Wednesday, October 18, 2017

Post 55--Persecution in Tajikistan

Religious Liberty Prayer Bulletin | RLPB 428 | Wed 18 Oct 2017

by Anneta Vyssotskaia


Tajikistan is a country in Central Asia bordering Afghanistan, Uzbekistan, 
Kyrgyzstan and China. Tajikistan was part of the Soviet Union and became an 
independent country after the  dissolution of the USSR in 1992. Tajikistan 
suffered a five-year civil war which resulted in many deaths and had a 
devastating effect on the country's life and economy. It is officially the 
poorest country in Central Asia and one of the most corrupt countries in the 
world. Its population approaches nine million and is predominantly Muslim 
(about 98%).  

The Christian churches are a tiny minority and face a lot of pressure from 
the government and Muslim society. The law prohibits children and young 
people under 18 participating in religious activities in both churches and 
mosques. The greatest pressure is on the Christians with Muslim background 
who experience persecution at all levels - from their family members, the 
Muslim community and state officials. The pressure is especially strong in 
rural areas. The persecution can take different forms, from verbal  to 
physical abuse, beatings, abduction, home detention, discrimination, losing 
jobs and in other ways. The number of Christian churches remains small and 
there are many secret believers. It is illegal to meet for worship without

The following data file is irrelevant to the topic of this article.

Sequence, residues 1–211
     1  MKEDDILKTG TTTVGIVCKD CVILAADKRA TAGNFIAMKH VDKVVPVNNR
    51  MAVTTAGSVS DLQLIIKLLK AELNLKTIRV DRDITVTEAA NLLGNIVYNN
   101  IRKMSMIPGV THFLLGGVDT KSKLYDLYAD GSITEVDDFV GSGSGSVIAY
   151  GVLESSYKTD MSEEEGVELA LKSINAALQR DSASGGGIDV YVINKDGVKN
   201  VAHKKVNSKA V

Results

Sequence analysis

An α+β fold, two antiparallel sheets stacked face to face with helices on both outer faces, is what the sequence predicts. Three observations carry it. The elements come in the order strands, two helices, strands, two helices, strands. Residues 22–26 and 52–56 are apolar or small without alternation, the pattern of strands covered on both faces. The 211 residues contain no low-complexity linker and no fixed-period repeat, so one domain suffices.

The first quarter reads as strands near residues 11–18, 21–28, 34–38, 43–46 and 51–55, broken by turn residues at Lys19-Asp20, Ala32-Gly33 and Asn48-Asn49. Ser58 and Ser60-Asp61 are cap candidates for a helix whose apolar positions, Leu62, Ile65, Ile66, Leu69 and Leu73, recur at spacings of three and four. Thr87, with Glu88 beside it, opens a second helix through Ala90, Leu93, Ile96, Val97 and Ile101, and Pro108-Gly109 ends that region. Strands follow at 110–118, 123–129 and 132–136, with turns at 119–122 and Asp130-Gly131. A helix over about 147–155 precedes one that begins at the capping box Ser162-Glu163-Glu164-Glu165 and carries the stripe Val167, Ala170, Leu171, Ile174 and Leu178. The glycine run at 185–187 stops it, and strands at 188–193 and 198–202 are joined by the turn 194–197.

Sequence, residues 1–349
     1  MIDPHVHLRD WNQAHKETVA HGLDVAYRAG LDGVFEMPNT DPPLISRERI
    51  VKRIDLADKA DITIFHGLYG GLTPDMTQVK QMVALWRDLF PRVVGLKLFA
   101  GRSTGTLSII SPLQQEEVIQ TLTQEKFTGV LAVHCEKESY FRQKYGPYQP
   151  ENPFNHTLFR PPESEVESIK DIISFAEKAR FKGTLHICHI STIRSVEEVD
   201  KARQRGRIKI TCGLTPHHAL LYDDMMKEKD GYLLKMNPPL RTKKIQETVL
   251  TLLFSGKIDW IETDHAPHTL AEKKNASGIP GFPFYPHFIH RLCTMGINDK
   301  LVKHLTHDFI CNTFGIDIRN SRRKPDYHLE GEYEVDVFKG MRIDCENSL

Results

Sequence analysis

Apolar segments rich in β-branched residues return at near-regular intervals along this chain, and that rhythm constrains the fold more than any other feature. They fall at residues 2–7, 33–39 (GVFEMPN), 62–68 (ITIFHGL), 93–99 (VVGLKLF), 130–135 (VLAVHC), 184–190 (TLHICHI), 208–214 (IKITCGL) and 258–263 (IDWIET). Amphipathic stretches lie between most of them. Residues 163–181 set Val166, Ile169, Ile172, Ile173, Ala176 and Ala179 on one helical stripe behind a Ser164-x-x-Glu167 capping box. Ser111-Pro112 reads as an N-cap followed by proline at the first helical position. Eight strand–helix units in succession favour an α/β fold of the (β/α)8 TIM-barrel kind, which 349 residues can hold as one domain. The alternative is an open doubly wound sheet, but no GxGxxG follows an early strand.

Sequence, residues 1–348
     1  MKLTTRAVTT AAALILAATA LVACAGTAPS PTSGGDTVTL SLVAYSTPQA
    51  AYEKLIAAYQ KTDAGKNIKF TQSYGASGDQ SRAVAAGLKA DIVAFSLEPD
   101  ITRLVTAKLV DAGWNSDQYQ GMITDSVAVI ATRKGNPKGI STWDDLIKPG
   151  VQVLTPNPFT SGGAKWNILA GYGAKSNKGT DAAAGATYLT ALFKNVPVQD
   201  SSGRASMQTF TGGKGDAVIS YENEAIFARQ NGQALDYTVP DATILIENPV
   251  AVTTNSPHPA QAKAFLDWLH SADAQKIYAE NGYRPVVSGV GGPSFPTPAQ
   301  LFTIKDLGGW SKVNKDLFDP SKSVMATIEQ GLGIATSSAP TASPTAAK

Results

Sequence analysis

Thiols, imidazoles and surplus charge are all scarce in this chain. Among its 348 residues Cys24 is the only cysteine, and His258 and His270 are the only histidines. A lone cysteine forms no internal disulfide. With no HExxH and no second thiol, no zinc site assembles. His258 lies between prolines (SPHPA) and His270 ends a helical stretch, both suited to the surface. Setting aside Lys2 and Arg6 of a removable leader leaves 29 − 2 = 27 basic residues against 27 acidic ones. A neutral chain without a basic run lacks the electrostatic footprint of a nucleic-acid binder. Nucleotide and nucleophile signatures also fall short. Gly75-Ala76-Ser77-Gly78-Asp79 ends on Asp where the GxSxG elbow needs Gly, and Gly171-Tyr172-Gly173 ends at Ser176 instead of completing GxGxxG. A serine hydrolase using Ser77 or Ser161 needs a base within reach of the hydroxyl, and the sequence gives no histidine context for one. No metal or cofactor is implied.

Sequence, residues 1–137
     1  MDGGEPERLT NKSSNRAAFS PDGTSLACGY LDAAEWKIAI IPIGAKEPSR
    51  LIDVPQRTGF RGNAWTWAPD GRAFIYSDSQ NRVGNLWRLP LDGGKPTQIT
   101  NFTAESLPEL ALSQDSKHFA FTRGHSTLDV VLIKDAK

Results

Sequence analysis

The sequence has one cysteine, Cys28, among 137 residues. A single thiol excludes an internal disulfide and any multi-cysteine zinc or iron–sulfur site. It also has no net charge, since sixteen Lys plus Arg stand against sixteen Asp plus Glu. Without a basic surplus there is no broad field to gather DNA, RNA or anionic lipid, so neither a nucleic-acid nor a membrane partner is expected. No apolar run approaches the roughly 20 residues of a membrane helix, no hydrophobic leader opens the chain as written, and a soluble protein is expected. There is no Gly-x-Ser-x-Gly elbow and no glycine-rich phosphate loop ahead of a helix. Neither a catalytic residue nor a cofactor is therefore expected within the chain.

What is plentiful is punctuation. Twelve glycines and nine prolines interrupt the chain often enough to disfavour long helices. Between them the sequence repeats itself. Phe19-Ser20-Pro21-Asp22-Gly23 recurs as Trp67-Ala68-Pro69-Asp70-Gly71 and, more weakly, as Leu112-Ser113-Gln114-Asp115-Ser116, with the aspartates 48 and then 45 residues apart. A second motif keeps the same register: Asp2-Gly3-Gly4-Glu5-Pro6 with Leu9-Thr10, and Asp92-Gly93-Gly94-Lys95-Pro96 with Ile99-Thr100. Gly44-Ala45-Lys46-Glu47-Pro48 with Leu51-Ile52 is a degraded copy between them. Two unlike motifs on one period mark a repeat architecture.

state registration, but it is also extremely difficult and practically 
impossible to get state registration. For that reason many Tajik Christians 
meet secretly in house churches, facing the risk of police raids, detention, 
interrogation and fines.  

President Emomali Rahmon was bestowed the official title, 'The Founder of 
Peace and National Unity, Leader of the Nation'. During his 25 years' rule, 
the religious freedom situation in Tajikistan has worsened significantly. 
Since 2016, human rights in general are also considerably worse, with many 
arrests and imprisonment of members of the opposition parties, including top 

Christian churches also have been experiencing increasing pressure in 2017. 
In the capital city, Dushanbe, two kindergartens were closed because of the 
Christians employed and a Christian book being found. In March, a registered 
church in Konibodom was raided, believers interrogated, threatened and beaten 
and the church was closed. In June, a non-registered Baptist church in 
Dushanbe was raided, books confiscated, believers videotaped, interrogated 
and their details taken. Demolition of the church building was threatened. 
Other non-registered churches were raided, books confiscated, church leaders 
threatened and fined.  

In April, Bakhrom Kholmatov (42), the pastor of a registered Sunmin church in 
Khudzhand, was arrested, accused of inciting religious hatred and sentenced 
to three years' imprisonment. The accusations were based on Christian hymn 
books found in the church with songs like 'God's army is marching' and 'Our 
fight is not against flesh and blood', as well as the 'More Than a Carpenter' 
book by Josh McDowell. The judges considered they were all 'extremist 

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